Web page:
Caregivers can help seniors create healthy habits that will maintain overall health by learning more about proper nutrition for seniors, safe senior exercise routines, and lifestyle habits.
Nutrition After Fifty
It is critical for seniors to practice proper nutrition. Poor nutrition affects the body, as well as the mind, energy levels, and can lead to other health issues. The more caregivers know about nutrition for seniors, the better they will be able to care for them. Professional caregivers know that while older adults typically need fewer calories, they need MORE of certain nutrients because their bodies are less efficient at making or absorbing certain vitamins and minerals. Here are a few tips to help caregivers promote healthy habits around mealtimes.
Tips for Caregivers to make mealtimes easier:
- If the person has a hard time using a knife and fork, serve finger foods.
- Try bite-sized pieces of sandwich, meat, or cut-up fruit or veggies.
- Serve one or two foods at a time. Too many choices can be overwhelming.
- If chewing or swallowing is a problem, mash, puree, or moisten foods with broth, sauce, or milk. Add flavor to meals with spices and herbs.
- Put out bowls of nuts and fruit to encourage snacking.
- Serve nutritional supplement drinks or smoothies with protein powder and fruits.
As a person ages, some nutrients become more important:
• Fiber to stay regular
• Potassium for blood pressure and to help avoid fatigue and depression
• Healthy fats to lower chances of heart disease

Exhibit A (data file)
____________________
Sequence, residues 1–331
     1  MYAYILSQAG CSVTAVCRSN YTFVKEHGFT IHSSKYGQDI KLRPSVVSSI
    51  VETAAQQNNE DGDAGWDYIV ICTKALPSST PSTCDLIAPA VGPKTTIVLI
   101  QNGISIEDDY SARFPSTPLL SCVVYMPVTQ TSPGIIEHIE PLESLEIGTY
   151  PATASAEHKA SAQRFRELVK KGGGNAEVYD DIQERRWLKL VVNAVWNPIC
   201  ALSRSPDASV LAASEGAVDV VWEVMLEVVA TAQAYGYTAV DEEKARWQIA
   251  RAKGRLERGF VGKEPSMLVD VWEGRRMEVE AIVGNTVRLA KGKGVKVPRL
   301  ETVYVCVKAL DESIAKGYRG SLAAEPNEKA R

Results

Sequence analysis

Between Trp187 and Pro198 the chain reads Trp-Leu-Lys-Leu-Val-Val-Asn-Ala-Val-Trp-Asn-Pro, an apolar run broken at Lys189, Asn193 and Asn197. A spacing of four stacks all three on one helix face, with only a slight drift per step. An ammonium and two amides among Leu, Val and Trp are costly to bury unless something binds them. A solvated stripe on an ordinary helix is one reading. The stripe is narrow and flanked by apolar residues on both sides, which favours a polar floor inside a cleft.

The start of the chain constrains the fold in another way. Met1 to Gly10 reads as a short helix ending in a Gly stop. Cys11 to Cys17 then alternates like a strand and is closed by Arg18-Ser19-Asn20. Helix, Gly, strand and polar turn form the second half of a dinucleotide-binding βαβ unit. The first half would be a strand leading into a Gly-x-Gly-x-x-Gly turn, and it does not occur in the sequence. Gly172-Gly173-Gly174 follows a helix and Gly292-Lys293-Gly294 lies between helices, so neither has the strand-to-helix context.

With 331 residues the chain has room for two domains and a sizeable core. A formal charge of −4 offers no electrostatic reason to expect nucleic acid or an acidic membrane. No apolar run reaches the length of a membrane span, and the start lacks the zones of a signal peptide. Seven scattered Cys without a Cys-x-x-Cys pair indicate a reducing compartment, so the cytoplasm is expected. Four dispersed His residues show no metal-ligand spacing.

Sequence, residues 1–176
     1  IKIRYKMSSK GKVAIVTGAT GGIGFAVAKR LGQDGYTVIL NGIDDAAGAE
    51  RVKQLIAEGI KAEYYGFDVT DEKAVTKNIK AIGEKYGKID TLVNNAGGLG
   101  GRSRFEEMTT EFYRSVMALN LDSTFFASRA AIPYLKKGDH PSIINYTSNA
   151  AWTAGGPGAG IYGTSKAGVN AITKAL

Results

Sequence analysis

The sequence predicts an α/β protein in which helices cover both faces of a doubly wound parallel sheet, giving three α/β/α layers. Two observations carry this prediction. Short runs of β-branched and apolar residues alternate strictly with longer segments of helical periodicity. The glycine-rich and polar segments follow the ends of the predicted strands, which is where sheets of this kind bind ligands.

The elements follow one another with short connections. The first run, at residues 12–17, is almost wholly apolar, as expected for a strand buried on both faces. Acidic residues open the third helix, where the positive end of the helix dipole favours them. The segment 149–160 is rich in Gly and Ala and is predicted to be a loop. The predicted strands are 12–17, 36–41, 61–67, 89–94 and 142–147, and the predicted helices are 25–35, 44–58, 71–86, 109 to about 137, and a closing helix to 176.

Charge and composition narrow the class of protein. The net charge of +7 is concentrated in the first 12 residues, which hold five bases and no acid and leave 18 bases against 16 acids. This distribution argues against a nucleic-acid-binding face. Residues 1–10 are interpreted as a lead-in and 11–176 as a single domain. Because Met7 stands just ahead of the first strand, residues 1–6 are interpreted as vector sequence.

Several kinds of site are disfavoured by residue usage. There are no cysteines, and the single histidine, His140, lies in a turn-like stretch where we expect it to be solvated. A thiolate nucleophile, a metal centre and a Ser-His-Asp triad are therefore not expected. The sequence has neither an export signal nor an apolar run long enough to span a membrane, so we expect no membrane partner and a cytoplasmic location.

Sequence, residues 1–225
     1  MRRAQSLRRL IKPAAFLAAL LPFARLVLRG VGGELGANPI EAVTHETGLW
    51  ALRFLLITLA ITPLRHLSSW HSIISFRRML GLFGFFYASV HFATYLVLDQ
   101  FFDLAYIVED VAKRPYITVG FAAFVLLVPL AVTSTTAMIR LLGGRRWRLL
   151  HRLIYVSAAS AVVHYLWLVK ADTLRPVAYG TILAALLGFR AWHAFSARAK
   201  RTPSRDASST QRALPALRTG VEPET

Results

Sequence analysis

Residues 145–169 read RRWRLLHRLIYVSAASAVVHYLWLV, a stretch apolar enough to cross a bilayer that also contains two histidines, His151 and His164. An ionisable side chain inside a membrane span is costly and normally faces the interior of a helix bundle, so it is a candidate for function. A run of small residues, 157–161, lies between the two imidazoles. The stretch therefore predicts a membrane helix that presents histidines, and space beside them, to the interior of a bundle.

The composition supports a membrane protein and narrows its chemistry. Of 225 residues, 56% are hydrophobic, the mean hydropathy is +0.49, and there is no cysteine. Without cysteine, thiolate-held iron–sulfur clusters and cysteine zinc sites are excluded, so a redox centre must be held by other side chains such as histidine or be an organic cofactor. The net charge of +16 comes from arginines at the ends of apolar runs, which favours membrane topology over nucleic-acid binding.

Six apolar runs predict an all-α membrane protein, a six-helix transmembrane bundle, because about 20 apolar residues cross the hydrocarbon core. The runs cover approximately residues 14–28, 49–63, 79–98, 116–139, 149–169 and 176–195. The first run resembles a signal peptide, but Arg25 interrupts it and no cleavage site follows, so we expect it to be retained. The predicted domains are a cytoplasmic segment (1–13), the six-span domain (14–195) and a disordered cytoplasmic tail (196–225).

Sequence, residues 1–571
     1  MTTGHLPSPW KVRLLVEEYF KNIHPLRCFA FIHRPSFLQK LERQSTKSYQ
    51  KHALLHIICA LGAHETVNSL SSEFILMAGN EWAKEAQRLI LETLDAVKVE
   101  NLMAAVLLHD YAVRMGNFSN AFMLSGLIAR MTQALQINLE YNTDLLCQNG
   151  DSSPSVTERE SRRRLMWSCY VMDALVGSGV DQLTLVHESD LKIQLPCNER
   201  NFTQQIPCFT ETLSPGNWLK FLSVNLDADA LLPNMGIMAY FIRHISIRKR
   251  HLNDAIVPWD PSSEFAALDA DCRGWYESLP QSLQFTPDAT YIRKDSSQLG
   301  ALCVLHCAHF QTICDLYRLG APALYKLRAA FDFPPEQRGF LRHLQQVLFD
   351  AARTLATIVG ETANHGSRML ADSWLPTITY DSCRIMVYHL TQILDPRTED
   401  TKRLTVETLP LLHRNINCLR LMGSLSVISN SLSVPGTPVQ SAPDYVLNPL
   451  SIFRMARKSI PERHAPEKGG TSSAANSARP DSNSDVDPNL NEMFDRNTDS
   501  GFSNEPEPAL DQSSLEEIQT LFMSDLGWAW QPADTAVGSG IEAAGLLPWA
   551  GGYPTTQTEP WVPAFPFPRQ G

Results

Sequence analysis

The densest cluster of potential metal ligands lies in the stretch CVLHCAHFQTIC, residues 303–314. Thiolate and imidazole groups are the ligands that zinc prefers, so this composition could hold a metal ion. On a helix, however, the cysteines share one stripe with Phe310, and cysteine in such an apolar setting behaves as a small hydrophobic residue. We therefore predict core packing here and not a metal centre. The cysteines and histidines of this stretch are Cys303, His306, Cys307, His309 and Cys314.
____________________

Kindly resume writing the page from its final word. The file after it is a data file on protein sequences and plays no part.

• Vitamin B12 for energy and brain function
• Vitamin D and Calcium for bone health
Benefits of exercise in older age
Did you know that one of the many vital services Caregivers can provide for seniors is as a workout partner? Caregivers are a vital part of helping seniors build and maintain healthy habits as they age and staying active as a senior has many benefits! Here are a few:
Increases mental capacity
Research links physical activity with slower mental decline. Exercise increases blood flow to all parts of the body, including our brain.
Exercise is beneficial in preventing dementia and Alzheimer’s disease and can also delay or prevent many diseases associated with aging, such as diabetes, colon cancer, heart disease, stroke, and more.
Injuries can take longer to heal as people age. Regular exercise may speed up the wound-healing process by as much as 25 percent.
Exercise can help improve balance, which can help prevent falls. Falls are a significant cause of broken hips and other injuries that often lead to disability and hospitalization in older adults.
How caregivers can help seniors become more active:
- Find something they enjoy doing.
- Make sure it is geared to their fitness level.
- Start slowly, at a level they can manage, and work their way up.
- Do exercises at home with them. You can rent videos at the library and modify as necessary.
According to the AARP, 40% of people between 45 and 64 are considered sedentary. At age 64 and older, that number jumps to 60%.